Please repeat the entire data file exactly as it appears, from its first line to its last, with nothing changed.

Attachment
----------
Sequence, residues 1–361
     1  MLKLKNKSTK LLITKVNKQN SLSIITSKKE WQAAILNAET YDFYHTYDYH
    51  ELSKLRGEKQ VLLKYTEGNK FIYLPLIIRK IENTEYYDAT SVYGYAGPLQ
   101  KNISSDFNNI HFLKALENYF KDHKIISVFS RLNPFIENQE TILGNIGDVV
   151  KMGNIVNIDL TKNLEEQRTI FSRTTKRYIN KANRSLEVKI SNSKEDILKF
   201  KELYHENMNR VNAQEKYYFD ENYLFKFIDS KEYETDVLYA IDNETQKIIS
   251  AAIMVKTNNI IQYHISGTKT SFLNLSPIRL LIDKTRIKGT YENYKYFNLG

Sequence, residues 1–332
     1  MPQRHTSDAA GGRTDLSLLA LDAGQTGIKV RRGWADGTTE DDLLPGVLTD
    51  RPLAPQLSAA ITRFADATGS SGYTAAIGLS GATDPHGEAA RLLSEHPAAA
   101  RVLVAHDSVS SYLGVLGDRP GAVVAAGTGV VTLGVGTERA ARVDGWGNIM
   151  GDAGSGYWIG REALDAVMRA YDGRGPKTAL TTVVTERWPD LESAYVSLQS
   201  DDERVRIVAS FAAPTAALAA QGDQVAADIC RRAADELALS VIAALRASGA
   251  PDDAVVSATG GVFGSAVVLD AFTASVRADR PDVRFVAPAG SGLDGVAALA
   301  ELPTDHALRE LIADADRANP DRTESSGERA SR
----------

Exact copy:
Sequence, residues 1–361
     1  MLKLKNKSTK LLITKVNKQN SLSIITSKKE WQAAILNAET YDFYHTYDYH
    51  ELSKLRGEKQ VLLKYTEGNK FIYLPLIIRK IENTEYYDAT SVYGYAGPLQ
   101  KNISSDFNNI HFLKALENYF KDHKIISVFS RLNPFIENQE TILGNIGDVV
   151  KMGNIVNIDL TKNLEEQRTI FSRTTKRYIN KANRSLEVKI SNSKEDILKF
   201  KELYHENMNR VNAQEKYYFD ENYLFKFIDS KEYETDVLYA IDNETQKIIS
   251  AAIMVKTNNI IQYHISGTKT SFLNLSPIRL LIDKTRIKGT YENYKYFNLG

Sequence, residues 1–332
     1  MPQRHTSDAA GGRTDLSLLA LDAGQTGIKV RRGWADGTTE DDLLPGVLTD
    51  RPLAPQLSAA ITRFADATGS SGYTAAIGLS GATDPHGEAA RLLSEHPAAA
   101  RVLVAHDSVS SYLGVLGDRP GAVVAAGTGV VTLGVGTERA ARVDGWGNIM
   151  GDAGSGYWIG REALDAVMRA YDGRGPKTAL TTVVTERWPD LESAYVSLQS
   201  DDERVRIVAS FAAPTAALAA QGDQVAADIC RRAADELALS VIAALRASGA
   251  PDDAVVSATG GVFGSAVVLD AFTASVRADR PDVRFVAPAG SGLDGVAALA
   301  ELPTDHALRE LIADADRANP DRTESSGERA SR